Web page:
The lack of more precise biographic details on Nonnus makes it difficult to date his poems, on which he moreover may have worked simultaneously. Safe termini post quem for the Paraphrase are the Council of Ephesus (431) and Cyril of Alexandria’s Commentary on the Gospel of John (425–8). The Dionysiaca, on the other hand, has left clear traces of influence on later poets writing in Nonnus’ ‘modern’ style, who can serve as termini ante quem. Pamprepius, who died in 483–4, is Nonnus’ earliest (known and datable) imitator. Enrico Livrea’s identification of Nonnus the poet with the bishop of Edessa of the same name († 470-471) remains plausible but difficult to substantiate.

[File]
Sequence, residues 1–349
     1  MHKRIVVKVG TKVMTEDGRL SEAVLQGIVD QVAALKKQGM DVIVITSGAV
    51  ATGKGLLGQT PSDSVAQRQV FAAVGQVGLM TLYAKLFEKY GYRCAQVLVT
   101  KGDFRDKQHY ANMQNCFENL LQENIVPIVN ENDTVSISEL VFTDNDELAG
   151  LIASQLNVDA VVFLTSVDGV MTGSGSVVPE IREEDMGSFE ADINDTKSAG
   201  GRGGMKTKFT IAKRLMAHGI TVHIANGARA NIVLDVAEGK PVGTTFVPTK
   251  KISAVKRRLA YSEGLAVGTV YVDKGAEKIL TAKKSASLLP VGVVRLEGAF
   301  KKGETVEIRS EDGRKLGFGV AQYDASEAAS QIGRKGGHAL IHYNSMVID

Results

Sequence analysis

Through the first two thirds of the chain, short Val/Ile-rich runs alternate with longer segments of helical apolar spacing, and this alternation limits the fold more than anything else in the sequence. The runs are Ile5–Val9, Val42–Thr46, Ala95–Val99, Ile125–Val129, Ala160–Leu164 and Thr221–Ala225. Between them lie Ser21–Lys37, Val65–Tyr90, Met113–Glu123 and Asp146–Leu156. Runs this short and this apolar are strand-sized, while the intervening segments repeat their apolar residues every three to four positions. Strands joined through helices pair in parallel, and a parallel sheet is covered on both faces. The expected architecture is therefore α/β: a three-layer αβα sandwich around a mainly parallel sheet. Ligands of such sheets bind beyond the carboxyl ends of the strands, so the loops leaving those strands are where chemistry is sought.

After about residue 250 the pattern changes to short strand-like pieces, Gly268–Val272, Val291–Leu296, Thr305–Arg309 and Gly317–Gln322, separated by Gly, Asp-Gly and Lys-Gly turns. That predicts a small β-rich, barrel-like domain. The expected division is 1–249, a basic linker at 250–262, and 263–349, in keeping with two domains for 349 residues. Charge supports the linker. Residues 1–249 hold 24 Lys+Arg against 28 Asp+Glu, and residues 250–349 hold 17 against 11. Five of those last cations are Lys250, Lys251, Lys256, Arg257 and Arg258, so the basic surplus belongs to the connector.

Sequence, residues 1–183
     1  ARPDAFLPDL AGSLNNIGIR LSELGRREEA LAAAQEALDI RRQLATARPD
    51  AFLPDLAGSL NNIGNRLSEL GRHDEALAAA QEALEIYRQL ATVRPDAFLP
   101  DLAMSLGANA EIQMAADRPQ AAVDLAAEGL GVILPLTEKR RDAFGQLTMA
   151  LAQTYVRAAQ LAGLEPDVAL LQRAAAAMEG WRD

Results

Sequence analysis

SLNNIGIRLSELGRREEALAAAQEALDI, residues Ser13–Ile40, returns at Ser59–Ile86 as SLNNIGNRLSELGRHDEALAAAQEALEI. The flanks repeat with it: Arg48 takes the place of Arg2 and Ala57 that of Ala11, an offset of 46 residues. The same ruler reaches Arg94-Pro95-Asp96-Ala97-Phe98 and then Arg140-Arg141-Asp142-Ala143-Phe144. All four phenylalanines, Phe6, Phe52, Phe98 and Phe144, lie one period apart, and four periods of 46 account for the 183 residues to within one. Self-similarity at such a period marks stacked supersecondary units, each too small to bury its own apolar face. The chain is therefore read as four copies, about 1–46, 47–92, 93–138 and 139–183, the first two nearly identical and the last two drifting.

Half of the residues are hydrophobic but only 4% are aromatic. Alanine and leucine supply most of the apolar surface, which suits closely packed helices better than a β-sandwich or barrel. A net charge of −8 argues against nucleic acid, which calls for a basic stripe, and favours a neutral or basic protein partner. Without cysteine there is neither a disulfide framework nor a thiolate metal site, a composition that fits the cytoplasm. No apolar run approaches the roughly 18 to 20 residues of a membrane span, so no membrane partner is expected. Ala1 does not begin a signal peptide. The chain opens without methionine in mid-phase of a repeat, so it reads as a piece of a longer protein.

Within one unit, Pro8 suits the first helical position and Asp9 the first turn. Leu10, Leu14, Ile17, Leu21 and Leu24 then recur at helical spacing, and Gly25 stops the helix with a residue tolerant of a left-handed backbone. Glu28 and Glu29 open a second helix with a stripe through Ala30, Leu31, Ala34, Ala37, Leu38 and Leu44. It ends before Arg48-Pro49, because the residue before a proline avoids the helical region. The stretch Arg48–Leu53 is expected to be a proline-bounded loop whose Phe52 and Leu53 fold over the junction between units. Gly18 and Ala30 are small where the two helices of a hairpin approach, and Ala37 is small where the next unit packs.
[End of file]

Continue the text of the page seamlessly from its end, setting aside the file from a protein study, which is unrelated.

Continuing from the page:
The Dionysiaca is an ambitious poem “in rivalry with both new and old” (25.27, second prologue). With many detours, it relates the events leading towards Dionysus’ miraculous birth (books 1–8), his youth (9–12), the expedition to (13–24) and war in India against king Deriades (25–40.250), his return (40.251–48) and—only in the final five lines (48.974–978) —his apotheosis as an Olympian. Whereas it never becomes clear with which contemporaries the Dionysiaca seeks to compete, the challenges it poses to Homer could not be more explicit. He is mentioned six times by name, as a source of inspiration and safe haven for poets (13.50–52), but also as a liar (42.181). Nonnus’ narrator rejects the smelly seal-skin of Menelaus (Od.4.435–446)—clearly a metonymic way of talking about the Odyssey—in favour of Dionysus’ fawn skin (Dion.1.34–38), and claims the superiority of his own subjects (a god fighting Giants) over that of the Iliad, which Thetis is said to have imposed on Homer (Dion.25.258–260). The number of 48 books, alternating between military and travel epic, is surely intended to represent the sum of the Iliad’s and the Odyssey’s 24 books. Of Nonnus’ other literary predecessors, only Pindar is mentioned by name, but as models for imitation Euripides (Bacchae), Callimachus, Apollonius Rhodius, and Achilles Tatius are at least as important. The Greek poets from the imperial age (e.g., Oppian, Pseudo-Oppian, and Quintus of Smyrna), on whose innovations Nonnus builds (especially in the realm of metrics and as rhetorical poetry), are never openly alluded to. Whether or not Nonnus also used Ovid’s Metamorphoses as a model (and Latin sources in general) remains a hotly debated issue.4